An important visit

Pope Francis

Pope Francis speaks with Archbishop of Dublin Diarmuid Martin before the Wednesday general audience in St Peter’s Square at the Vatican. Photograph: Tony Gentile/Reuters

Pope Francis speaks with Archbishop of Dublin Diarmuid Martin before the Wednesday general audience in St Peter’s Square at the Vatican. Photograph: Tony Gentile/Reuters

 

Confirmation this week that Pope Francis will attend the World Meeting of Families in Dublin next August is welcome news, in particular for the almost 4.5 million Catholics on the island.

While the drift away from the Catholic Church over the decades since Pope John Paul visited in 1979 is pronounced, as indeed is the case with the other churches in Ireland, it remains a fact that 78.3 per cent of people in the Republic identified themselves as Roman Catholic as recently as in the census of April 2016.

It showed, whether practising or otherwise, that the Catholic Church remains very much part of the DNA of a great majority of Irish people.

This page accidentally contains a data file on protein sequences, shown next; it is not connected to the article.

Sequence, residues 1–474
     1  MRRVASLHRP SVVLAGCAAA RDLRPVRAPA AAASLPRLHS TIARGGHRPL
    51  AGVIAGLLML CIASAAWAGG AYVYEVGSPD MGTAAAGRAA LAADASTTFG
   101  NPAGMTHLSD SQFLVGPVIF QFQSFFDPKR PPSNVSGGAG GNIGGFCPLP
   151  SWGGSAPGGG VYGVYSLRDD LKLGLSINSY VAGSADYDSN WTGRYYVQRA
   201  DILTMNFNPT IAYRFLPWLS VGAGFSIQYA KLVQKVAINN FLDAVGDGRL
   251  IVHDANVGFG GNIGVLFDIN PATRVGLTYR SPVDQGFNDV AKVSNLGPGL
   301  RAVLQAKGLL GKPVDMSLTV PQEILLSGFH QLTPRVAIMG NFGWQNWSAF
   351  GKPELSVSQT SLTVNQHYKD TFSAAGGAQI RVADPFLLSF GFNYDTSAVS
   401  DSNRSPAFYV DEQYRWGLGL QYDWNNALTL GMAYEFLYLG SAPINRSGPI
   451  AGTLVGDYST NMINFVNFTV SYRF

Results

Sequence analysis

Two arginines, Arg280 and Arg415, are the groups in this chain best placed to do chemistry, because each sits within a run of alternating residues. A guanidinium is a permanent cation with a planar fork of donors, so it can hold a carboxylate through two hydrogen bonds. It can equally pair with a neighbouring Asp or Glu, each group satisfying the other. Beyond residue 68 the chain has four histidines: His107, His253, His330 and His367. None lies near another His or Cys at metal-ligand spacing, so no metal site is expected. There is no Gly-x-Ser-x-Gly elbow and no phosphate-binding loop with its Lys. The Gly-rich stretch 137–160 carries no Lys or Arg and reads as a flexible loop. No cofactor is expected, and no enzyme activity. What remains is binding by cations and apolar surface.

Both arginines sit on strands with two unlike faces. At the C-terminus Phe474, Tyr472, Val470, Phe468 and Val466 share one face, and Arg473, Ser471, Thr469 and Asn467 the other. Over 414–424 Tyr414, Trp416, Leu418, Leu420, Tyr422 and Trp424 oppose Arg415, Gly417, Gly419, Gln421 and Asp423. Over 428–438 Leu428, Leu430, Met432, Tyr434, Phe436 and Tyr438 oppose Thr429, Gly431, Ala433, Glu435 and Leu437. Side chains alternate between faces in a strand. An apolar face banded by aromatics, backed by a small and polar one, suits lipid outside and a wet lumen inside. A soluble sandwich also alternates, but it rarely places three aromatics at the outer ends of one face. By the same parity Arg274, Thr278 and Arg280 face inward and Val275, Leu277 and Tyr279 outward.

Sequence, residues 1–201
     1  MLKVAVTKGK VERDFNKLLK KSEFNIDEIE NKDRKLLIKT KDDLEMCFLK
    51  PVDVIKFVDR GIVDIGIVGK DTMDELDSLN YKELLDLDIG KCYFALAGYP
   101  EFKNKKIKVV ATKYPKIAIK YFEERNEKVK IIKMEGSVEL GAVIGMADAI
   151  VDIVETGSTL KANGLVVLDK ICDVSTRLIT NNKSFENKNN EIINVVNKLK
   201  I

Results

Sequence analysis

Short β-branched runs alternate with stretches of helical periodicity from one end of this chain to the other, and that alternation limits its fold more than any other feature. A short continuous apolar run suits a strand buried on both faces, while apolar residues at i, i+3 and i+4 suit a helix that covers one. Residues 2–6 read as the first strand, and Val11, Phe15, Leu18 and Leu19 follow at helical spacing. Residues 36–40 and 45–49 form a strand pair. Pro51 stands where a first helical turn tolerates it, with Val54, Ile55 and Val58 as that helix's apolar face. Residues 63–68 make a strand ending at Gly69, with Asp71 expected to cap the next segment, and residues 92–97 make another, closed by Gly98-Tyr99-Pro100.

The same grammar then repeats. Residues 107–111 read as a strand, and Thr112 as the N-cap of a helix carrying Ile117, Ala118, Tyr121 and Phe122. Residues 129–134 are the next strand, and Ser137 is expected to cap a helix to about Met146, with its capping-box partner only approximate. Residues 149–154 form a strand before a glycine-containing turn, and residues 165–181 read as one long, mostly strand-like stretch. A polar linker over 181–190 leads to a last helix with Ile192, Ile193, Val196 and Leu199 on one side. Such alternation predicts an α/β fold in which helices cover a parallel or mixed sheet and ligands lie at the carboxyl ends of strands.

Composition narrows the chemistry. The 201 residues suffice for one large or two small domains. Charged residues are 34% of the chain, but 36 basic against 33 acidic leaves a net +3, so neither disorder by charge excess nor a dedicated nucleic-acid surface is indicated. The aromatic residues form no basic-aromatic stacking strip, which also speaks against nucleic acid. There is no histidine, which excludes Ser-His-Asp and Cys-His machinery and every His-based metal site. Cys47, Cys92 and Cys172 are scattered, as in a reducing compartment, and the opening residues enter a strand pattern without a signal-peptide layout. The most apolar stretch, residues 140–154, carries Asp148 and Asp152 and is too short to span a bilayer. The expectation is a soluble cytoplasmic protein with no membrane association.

To many, through his words and deeds, he has become the personification of compassion, of mercy over judgment

Of course the numbers who turn out to see Pope Francis may not be on the scale of the 1979 papal visit, but that was a once off. That trip by Pope John Paul II was the first such visit by a pope to Ireland in history.

The likely success of Pope Francis’s visit to Dublin is greatly enhanced by the man himself. To many, through his words and deeds, he has become the personification of compassion, of mercy over judgment, at a time when such qualities are rarer among world leaders.

His natural and spontaneous warmth, added to an outgoing personality that revels in the company of others, makes him someone to whom people are drawn even when he stumbles. And stumble, on occasion, he has.

It is important that Pope Francis ask forgiveness of all Irish people on Irish soil

An example of this appeal from outside his own church was the response to confirmation of next August’s visit by the Presbyterian Church in Ireland.

The Clerk of its General Assembly and its general secretary, Rev Trevor Gribben, said that many others, of differing theological or even political views, wanted to join their Roman Catholic neighbours in welcoming the news.

Yet, for his visit to be complete, it is important that Pope Francis ask forgiveness of all Irish people on Irish soil for his church’s role, at local and Vatican level, in the cover-up of clerical child sexual abuse.

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